IPv6 Internet Protocol Version 6
IPng or IPv6 is the latest version of internet protocols. This protocol was reviewed by the IETF standards committee and is set to replace the current internet protocol of IPv4. The official name of this protocol is IPv6 which stands for Internet Protocol version 6, but it is often called IPng which stands for Internet Protocol Next Generation.
This internet protocol is slowly replacing the IPv4 or Internet Protocol Version 4. This new protocol is an upgrade from IPv4 and will for a long time coexist with the older protocol. IPv6 has been designed to allow the internet to continue growing for many years in terms of the number of connected hosts and the total amount of data which is being transmitted. This was a problem with IPv4 as it was not designed for a growing internet IPV6.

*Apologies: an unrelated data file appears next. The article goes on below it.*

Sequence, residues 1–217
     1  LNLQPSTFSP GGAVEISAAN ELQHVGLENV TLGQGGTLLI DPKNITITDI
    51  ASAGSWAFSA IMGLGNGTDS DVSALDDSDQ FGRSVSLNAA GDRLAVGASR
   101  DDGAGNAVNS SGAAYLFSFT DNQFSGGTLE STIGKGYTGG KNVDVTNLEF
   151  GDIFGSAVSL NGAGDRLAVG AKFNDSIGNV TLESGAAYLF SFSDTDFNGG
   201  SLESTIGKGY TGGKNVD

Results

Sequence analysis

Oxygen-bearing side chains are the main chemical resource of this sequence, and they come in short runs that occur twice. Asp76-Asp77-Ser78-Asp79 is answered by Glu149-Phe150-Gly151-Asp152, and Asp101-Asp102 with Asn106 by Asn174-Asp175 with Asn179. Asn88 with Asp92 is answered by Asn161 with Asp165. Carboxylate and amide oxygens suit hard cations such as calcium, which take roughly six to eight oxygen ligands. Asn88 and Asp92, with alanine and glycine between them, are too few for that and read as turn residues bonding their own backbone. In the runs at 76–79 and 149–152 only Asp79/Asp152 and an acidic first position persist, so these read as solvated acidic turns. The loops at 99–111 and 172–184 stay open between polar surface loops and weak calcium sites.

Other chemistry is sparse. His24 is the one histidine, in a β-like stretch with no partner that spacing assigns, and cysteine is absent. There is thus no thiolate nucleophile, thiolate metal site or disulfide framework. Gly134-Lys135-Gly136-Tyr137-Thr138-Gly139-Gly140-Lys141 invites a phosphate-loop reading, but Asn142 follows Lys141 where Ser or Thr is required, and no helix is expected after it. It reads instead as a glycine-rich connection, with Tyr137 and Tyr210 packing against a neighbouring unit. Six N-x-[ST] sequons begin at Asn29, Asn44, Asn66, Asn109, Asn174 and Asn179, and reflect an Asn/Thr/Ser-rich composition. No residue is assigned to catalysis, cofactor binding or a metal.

This Internet Protocol was created for packet-switching internetworks which specify datagrams or packet formats and the addressing system used across multiple IP networks. The new protocol has expanded the routing and addressing capabilities of its predecessor in a number of ways including:
- The increase of address size from 32 bits to 128 bits
- Providing more levels of addressing hierarchy
- Supporting a greater number of addressable nodes
- Supporting simplified header formats
- Offering simple auto-configuration of addresses
One of the major factors in the creation of the new protocol was to increase the IP address pool. The primary benefit of IPv6 is that it replaced the 32-bit IPv4 addresses with 128-bit addresses which are much longer. The old system offered a total address pool of 2^32 addresses while the new system offers 2^128 addresses.
There are also a number of technical benefits to the new Internet Protocol including simplified headers in 7 fields compared to 13 fields in IPv4. There is also an improved security with the introduction of 2 extension headers which are the authentication header and the encapsulating security header.
The development of the guidelines for the operation of shared IPv4 and IPv6 internet was completed by the IPv6 Operations Working Group and the IETF Standards committee. This group has also provided operational guidance on how IPv6 should be deployed on networks working on IPv4 only.